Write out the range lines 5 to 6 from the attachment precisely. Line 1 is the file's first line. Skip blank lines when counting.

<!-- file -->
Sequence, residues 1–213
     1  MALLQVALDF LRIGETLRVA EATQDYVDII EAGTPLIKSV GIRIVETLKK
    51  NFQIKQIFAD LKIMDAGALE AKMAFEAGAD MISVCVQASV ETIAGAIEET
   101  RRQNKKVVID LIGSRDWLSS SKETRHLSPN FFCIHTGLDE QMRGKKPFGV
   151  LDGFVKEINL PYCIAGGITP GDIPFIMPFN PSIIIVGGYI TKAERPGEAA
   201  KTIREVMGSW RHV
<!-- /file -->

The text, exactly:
   151  LDGFVKEINL PYCIAGGITP GDIPFIMPFN PSIIIVGGYI TKAERPGEAA
   201  KTIREVMGSW RHV